Bereshit: Blindness and Light

Torah Portion: Bereshit

Good afternoon!

I wish I could say I’ve been on some study sabbatical or world-wide adventure recently, out of wi-fi range and thus unable to post Torah commentaries, but . . well, that wouldn’t be true. With mid-week holidays it’s been beyond me to get it all done and get a drasha written too, so here’s hoping we’re back for the new cycle of Torah readings starting this week.

This week’s Torah portion is the first of the new year, Bereshit, or “in the beginning,” including the creation story and the expulsion from Eden. The haftarah, or prophetic reading, continues the themes of both creation and light (remember, light is the first thing created in Genesis 1.) The prophet proclaims that, just as the world was created for a particular purpose, the people Israel was also created with the intention that Israel shall be a light for the nations:

I created you, and appointed you

A covenant people, a light of nations —

Opening blind eyes,

Rescuing prisoners from confinement,

From the dungeon those who sit in darkness. (Isaiah 42:6-7)

Now, there are various views (hardly a surprise) about who exactly is the prisoner in darkness, and what it means to be a “light of” (or “light to,” or “light for”) the nations, but the simplest meaning seems to be that the people Israel is meant to bring light, meaning hope or goodness or justice- to those who are suffering, either our own Israelite tribes who were in exile at the time of the prophet or perhaps the nations of the word at large.* Just as the creation of nature is purposeful and meaningful in the Torah portion, so is the creation of a covenant people (which is not to say there couldn’t be more than one nation with a purpose or mission.)

On the other hand, if Israel is created to serve God by bringing light. . . . well, there’s a problem:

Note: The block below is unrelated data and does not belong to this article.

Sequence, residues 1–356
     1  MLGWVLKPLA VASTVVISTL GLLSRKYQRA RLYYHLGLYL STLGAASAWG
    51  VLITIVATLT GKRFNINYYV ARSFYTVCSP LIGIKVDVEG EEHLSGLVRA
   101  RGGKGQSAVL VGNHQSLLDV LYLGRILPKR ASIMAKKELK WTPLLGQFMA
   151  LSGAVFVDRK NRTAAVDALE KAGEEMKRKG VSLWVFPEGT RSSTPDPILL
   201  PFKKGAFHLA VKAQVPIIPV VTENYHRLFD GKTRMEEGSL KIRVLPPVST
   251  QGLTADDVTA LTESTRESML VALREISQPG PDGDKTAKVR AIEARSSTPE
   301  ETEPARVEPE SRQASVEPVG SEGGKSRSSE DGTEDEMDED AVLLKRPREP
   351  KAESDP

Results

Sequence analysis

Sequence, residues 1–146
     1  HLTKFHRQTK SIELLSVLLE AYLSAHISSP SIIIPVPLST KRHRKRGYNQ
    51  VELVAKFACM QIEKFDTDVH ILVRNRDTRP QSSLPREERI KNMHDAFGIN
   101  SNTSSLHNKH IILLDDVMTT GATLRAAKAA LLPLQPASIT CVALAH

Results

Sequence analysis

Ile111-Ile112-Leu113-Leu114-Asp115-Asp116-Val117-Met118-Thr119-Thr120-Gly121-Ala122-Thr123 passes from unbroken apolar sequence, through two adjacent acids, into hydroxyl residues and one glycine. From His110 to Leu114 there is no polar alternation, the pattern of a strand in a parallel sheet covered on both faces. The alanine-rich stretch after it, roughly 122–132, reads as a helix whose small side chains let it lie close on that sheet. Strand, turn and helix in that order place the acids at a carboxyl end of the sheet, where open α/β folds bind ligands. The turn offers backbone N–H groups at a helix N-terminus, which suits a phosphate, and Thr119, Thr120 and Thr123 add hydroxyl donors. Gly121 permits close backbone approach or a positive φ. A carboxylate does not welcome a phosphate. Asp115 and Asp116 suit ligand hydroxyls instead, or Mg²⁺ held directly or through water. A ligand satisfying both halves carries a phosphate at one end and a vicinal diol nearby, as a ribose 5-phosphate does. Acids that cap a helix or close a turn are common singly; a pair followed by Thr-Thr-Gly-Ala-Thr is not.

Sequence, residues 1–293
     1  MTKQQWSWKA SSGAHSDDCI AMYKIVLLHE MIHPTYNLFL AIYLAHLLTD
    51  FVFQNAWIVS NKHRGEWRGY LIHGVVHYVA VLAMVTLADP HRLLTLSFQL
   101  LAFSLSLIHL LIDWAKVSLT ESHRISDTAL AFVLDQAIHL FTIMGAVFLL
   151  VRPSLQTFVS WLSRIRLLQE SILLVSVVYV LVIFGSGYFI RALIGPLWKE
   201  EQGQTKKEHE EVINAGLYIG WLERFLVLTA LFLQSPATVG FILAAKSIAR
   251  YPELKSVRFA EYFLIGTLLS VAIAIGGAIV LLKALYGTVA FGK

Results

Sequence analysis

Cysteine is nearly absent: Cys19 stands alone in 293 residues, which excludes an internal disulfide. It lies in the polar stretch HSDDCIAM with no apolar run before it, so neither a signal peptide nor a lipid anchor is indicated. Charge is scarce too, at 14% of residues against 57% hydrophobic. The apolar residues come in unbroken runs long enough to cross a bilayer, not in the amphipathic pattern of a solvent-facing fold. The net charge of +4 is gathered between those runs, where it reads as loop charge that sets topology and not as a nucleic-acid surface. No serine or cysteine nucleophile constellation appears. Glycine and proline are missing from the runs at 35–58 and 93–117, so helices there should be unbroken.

Who is so blind as My servant,

So deaf as the messenger I send?

Who is so blind as the chosen one,

So blind as the servant of the Lord? (ibid verse 19)

The text goes on to offer hope to the people for a future redemption and ingathering of exiles (again, perhaps it is the exiles who are in metaphorical darkness and confinement), but I’m struck by the contrast between the earlier verse saying Israel is to be a light to the blind, and this verse, saying Israel itself is like one who is blind, which in context seems to mean blind to its own mission, teaching and hope.

The simplest reading of the prophet’s message is that, although Israel falls short in its mission and spiritual purpose, nevertheless, God will eventually bring light for, or perhaps by means of the people Israel, in the form of a redemption from exile and bringing justice among the nations. That’s a great message and one we certainly need today: although the Jewish people is radically imperfect, often focused on its own internecine conflicts and institutional competitions, nevertheless we can be the instrument of a healing purpose, a flawed vessel for light and hope.

So one message is: don’t give up on our community just because it seems to fall so short of its ideals. Yet another message speaks very personally: we all might aspire to be servants of a holy purpose, but “who is so blind as the servant of the Lord?” In other words: be holy, but be humble. We all have blind spots, truths we don’t want to hear (who is so deaf as the messenger I send?), hypocrisies that others see which we don’t acknowledge in ourselves and even outright self-delusions, something no person can fully avoid.

In the end, I think the haftarah imparts a tremendous challenge: pick yourself up and be a light to the world, despite your failings and imperfections. Embrace the holy ideals for which you were created- but don’t forget that working towards holy ends does not mean divine perfection for messy, frail, confused human beings. We must be exalted in our aims but humble in our self-conception. If we aren’t exalted in our aims- to bring light to the world!- we stumble along in the darkness of complacency and exile from our truest selves. If we aren’t humble in our self-conception, religion can be itself a tool to bring great darkness; we are light, and we are sometimes blind, and knowing both is our truest hope.  

Shabbat Shalom,


*See here for more on these different possibilities and here for my earlier thoughts on the connection between the portion and haftarah.

The views expressed are my own and do not reflect that of Vassar Brothers Medical Center or Health-Quest.

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